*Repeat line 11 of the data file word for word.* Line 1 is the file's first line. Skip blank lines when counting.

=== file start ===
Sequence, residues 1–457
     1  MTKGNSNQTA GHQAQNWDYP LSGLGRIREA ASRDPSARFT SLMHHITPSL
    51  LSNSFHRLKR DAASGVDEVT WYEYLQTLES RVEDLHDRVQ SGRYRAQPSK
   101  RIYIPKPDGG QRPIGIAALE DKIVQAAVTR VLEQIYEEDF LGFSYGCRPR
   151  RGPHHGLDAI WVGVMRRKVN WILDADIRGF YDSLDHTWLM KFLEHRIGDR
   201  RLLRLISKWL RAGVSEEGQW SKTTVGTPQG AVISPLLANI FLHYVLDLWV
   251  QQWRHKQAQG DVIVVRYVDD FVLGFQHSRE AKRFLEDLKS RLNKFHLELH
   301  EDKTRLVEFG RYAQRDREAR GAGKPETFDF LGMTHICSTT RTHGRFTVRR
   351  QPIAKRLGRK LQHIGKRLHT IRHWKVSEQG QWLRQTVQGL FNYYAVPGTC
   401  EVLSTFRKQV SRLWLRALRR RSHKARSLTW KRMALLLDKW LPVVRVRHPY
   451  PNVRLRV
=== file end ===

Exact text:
   451  PNVRLRV